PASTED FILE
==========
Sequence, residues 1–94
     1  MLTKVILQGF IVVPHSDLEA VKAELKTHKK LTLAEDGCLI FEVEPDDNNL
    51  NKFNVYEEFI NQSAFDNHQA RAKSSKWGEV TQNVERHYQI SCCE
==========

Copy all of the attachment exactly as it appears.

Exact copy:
Sequence, residues 1–94
     1  MLTKVILQGF IVVPHSDLEA VKAELKTHKK LTLAEDGCLI FEVEPDDNNL
    51  NKFNVYEEFI NQSAFDNHQA RAKSSKWGEV TQNVERHYQI SCCE